It is 7 a.m. I am wide awake and almost giddy as I dash to get ready. Glancing out the window, I am struck by the beautiful beach down below. Glassy, turquoise waves are crashing against the beach and the warm salty air drifts against my face.
Bathing suit, check. Sunscreen, check. Nervous smile, check.
Rushing down the stairs, I collide into my sister, Sarah, who has a wide Cheshire-cat-like grin plastered on her face. There is only one thing that could make us this delighted so early in the morning: Today is the first day of our PADI open water diver certification course.
We eagerly chat about what is in store for us as we make our way down the winding path to the Go West Diving center. Sarah has experienced the underwater world of scuba once before but I, on the other hand, am a newbie. And as a newbie, I will admit I have a few butterflies bumping against each other in my stomach. Who wouldn’t? I mean, it is only slightly paralyzing to think about all of the what ifs when they all are answered with the same terrifying response of can’t breathe.
But, I soldier on because I am convinced this is going to be a wonderful experience. Plus, this is a mandatory certification in my life since my rugged, can-do-everything-he-tries husband is a certified cave diver, and I know diving is going to be something we do across the globe.
Approaching the dive center we spot Jennifer, our PADI certified diving instructor and personal emergency ripcord for the next three days. Immediately her friendly smile and slight Irish accent put me at ease.
“You girls ready to get scuba certified?” she asks. “It’s going to be fun. I promise.”
We set up at a picnic table overlooking the long pier that we are about to jump off and start drilling down the basics. Buoyancy, equalizing air pressure and the all-important hand signals are first, and then we labor through all of the equipment.
Before I know it, we are gearing up for our first dive.
My nerves have me repeating everything I was just taught over and over in my brain as I strain and struggle to get the black neoprene wetsuit just one more inch up my body. “This is harder than I thought,” I mutter under my breath. I certainly hope the rest of the tasks will not be so depleting.
Over the next three days I discover that learning to scuba dive is more than just depleting; it is also arduous and exhausting. However, it is also the most rewarding and satisfying three days of my life.
After all of the quizzes, underwater drills and fire coral (lots of painful, burning fire coral), we ascend on our first full open-water dive out to a gorgeous spot called Alice in Wonderland. Fifty-five feet below the surface, I swirl around to see what everyone is pointing at. Just as I do, a huge spotted eagle ray swoops above me as sunlight bounces off a passing school of fish. In this spine-tingling moment, I fall in love with diving forever.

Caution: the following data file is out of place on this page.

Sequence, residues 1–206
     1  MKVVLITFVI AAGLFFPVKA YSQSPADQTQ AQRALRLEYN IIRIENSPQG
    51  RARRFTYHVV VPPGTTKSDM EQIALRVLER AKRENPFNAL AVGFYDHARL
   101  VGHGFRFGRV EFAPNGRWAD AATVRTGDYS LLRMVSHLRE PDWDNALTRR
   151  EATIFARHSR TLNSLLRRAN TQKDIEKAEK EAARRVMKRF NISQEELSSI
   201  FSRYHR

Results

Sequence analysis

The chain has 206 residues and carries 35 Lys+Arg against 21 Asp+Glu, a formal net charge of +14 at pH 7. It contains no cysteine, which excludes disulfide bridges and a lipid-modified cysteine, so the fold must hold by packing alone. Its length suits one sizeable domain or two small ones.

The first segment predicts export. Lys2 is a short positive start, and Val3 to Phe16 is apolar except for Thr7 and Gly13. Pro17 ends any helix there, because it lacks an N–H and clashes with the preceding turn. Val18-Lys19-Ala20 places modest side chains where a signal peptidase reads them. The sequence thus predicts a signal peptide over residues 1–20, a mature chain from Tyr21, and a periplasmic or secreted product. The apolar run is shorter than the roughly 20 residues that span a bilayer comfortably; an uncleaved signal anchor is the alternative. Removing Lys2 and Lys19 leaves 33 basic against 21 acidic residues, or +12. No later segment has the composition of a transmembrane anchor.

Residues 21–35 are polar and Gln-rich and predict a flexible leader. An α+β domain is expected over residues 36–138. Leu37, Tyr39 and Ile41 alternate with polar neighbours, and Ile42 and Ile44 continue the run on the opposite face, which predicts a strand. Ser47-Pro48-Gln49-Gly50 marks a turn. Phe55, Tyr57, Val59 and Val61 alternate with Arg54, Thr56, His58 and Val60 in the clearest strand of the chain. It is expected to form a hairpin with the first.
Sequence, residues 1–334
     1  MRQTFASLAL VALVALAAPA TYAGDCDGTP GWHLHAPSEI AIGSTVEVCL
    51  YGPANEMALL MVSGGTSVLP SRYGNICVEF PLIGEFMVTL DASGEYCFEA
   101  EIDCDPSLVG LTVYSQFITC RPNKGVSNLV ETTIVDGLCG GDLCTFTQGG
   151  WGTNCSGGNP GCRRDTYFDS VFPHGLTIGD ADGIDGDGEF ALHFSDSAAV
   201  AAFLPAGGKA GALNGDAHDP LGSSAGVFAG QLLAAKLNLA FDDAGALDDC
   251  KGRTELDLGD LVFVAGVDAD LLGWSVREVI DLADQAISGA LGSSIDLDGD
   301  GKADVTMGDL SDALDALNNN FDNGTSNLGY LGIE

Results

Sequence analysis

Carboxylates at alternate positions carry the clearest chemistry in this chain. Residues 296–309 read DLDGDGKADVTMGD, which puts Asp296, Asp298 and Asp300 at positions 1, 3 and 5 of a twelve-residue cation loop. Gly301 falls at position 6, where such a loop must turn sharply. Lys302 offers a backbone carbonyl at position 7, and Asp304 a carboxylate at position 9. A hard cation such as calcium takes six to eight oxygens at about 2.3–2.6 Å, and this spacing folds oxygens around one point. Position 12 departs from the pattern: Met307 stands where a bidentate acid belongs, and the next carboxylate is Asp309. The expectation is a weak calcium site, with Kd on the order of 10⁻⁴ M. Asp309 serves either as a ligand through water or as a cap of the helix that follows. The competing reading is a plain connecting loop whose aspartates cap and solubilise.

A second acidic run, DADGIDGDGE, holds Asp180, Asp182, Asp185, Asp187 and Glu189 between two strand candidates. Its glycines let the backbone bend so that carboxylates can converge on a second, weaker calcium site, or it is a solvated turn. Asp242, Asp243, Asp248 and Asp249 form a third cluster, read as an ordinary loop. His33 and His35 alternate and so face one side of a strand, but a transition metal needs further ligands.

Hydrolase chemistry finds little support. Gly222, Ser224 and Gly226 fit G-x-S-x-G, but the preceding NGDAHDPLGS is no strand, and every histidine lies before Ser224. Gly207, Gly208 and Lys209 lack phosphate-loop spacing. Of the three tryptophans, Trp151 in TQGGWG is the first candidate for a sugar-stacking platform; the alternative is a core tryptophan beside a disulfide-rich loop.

Where to Dive:
The island has more than 40 spectacular dive sites to explore. But, if you have limited time to explore, then try these:
What: The Superior Producer, which sunk in 1977, has been rated many times as one of the Caribbean’s best wreck dives. The wreck can be accessed by shore or boat, and the entry is near the Holiday Beach Hotel.
Depth: 80-110 feet
Look for: Grouper, great barracuda, silvery tarpon, coral reef and anemones. Divers can also expect to see traces of the cargo, including jeans, and bottles.
Details: This dive is recommended for advanced divers only.
What: An expansive areas of coral flats named for the striking mushroom shaped coral formations. These shapes are the perfect hiding place for all kinds of small sea animals.
Depth: 30-55 feet
Look for: Giant moray eels, barracuda, porcupinefish, sponges, star coral, nurse sharks and lobster.
Details: Accessible by boat only.
What: If seeing as many different marine species as possible during your dive is your goal, then this is the spot for you. It is essentially a fish traffic jam.
Depth: 50-60 feet
Look for: Caribbean chromies, creole wrasses, southern rays, sea turtles, eels, coral reef, jacks and wild dolphins.
Details: Great for divers of all levels. Accessible by shore or boat.
Go West Diving
Where to Stay:
Kura Hulanda Hotel & Spa
The 80-room luxury boutique resort is nestled above the glorious St. Anna Bay in central Willemstad. The hotel is just a 15-minute ride from the airport and a five-minute walk to town.
Kura Hulanda Lodge & Beach Club
Reminiscent of a private island getaway, the hotel is a relaxing and alluring beachfront luxury retreat. It offers 74 villas, suites and guest rooms, most featuring living room areas and balconies or patios with stunning panoramic views of the ocean or gardens.
What to Take:
Seawing Nova Fins by SCUBAPRO $199
This fin has the power, acceleration and maneuverability of a paddle fin with the comfort, efficiency and effortless speed of split fins.
Legend LX Regulator by Aqua Lung $765
Includes a smaller Comfo-Bite™ mouthpiece and a lighter second stage to reduce jaw fatigue.
Delta Boots by SCUBAPRO $53
Easy-to-wear zippered boot in 5 mm thickness with an anti-slip, non-marking molded sole.
Orchard Rose Gold - 35 mm by Rumba Time $45
Durable, light-weight and water-resistant makes it ideal for the beach.
The Tilden Towel by Onia $120
One side is terry cloth trimmed with Onia’s signature fabric while the opposite side is the reverse.
Pioneer Wetsuit by Oceanic Starting at $299.95
Available in 3/2 mm, 5 mm and 7 mm thicknesses.
Tiger Blue Zip Clutch by KOZA $175
Helena Sunglasses - in Matte Blush Stripe by SuperDry $78
OCI Dive Computer by Oceanic $1,199.95
Linea Mask by Aqua Lung $95
Comfort buckle system prevents tangled hair and Advance Fit Technology creates a superior seal around the female face.